Twin Cities activist Tou Ger Xiong kidnapped, killed in Colombia

MINNEAPOLIS —  A Minnesota family is grieving after their loved one was kidnapped and killed while on a trip to Medellín, Colombia.

Colombian authorities confirmed Tuesday that 50-year-old Tou Ger Xiong arrived in Medellín on Nov. 29. He called a friend in the U.S. on Dec. 10 after going to meet a woman he met online, saying he was kidnapped and being held for a $2,000 ransom.

Xiong was then killed, Yiri Amado Sánchez, sectional director of Medellín prosecutor's office, said in a news conference, adding that the alleged kidnappers didn't collect the ransom money.

Xiong's body was found in a wooded area with stab wounds, Sánchez said.

Tou Ger Xiong / Credit: Bush Foundation
Tou Ger Xiong / Credit: Bush Foundation

Xiong was a well-loved comedian, activist, proud Hmong-American, brother, son and friend, his family said.

"That's very difficult, you know? Nobody deserves that. But I really want to just make sure that we don't remember him for how he died, but remember him for how he lived," Xiong's lifelong friend, Bo Thao-Urabe said.

Thao-Urabe said Xiong made the hard things in life, easy.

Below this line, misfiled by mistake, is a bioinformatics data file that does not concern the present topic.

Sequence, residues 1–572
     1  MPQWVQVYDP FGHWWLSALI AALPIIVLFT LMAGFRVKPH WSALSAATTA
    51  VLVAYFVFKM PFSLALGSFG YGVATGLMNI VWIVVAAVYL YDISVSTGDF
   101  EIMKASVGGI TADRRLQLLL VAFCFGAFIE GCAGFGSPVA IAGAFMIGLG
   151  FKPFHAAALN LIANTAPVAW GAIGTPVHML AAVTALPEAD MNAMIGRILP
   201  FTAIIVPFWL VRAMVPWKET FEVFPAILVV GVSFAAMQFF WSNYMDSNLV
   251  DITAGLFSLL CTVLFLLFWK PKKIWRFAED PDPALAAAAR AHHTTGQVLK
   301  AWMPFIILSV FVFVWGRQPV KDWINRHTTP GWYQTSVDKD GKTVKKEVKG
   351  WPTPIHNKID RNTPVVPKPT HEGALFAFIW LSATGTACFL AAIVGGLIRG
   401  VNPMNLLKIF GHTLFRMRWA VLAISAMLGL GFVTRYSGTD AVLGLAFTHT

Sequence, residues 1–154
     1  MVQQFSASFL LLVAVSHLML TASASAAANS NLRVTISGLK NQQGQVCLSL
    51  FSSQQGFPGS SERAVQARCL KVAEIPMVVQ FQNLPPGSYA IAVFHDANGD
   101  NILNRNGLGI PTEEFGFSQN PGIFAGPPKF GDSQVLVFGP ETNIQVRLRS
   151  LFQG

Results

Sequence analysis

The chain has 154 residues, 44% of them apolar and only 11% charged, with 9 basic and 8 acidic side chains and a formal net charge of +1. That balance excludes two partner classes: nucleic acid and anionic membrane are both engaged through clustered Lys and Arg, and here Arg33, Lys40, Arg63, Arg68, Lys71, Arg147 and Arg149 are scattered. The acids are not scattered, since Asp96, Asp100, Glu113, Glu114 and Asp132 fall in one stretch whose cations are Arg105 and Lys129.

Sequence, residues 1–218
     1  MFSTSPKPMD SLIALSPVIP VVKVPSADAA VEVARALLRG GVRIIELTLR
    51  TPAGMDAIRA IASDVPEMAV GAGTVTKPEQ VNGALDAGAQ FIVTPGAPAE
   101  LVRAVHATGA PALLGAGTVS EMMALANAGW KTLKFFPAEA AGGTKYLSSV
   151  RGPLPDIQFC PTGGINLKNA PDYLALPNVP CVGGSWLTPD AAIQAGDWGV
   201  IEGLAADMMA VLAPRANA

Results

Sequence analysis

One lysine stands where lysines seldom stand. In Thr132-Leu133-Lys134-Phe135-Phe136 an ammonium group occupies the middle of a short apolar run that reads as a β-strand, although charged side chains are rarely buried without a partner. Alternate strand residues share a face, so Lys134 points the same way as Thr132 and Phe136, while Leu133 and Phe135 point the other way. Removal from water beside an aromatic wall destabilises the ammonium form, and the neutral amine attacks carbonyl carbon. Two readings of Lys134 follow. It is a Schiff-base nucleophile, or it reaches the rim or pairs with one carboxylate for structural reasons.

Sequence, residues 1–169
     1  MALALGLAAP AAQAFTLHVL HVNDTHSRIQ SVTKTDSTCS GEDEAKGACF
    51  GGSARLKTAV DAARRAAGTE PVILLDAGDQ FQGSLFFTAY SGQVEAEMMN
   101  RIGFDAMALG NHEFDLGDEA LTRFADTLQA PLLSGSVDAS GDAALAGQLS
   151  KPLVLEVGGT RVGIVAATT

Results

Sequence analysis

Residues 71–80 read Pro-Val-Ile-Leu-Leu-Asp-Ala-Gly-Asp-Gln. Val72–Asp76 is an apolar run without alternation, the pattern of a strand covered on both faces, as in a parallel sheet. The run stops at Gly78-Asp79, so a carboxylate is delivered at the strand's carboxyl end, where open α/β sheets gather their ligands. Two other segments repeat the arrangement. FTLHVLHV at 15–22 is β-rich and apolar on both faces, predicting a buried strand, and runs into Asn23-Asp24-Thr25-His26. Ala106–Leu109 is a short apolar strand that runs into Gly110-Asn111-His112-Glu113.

"A lot of people try to find joy in life, but he really lived joy," she said.

A pillar in the Hmong community, Xiong was a man well known for his activism, art and gift of laughter.

Xiong was born in Laos in 1973, he wrote on his website. He and his family fled to the United States when he was a young boy and landed in St. Paul, where he graduated valedictorian from Humboldt High School. He went on to receive a degree from Carleton College.

In 2015, he helped found Hmong Minnesota Day at the Minnesota State Fair. He also won a number of award for his work to close the racial divide — including the honor of Bush Fellow in 2019.

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According to the Bush Foundation, Xiong was a Hmong American storyteller who shared his "personal stories across the country to build cultural competency and address racial discrimination."

"He really helped people to feel welcome and included. And he bridged generations, but he also bridged communities across culture," Thao-Urabe said. "And never did it in a way where he was preachy, you know, he just engaged people in dialogue, no matter how hard the topic. And really encouraged people to be the best that they can be."

Xiong's brother, Eh Xiong, said he is in the process of bringing his brother's body home. The family plans to create a foundation in Xiong's name to keep his legacy moving forward.

"This is a heartbreaking tragedy," Sen. Amy Klobuchar said in a statement. "Tou Ger was an incredible person who was constantly working to uplift his community. My office is in contact with Tou Ger's family and the embassy in Columbia as they work to bring his body back to Minnesota. My thoughts and prayers are with his loved ones during this difficult time."

A vigil will be held in honor of Xiong on Saturday, Dec. 23 from 4-8 p.m. at East Ridge High School in Woodbury.

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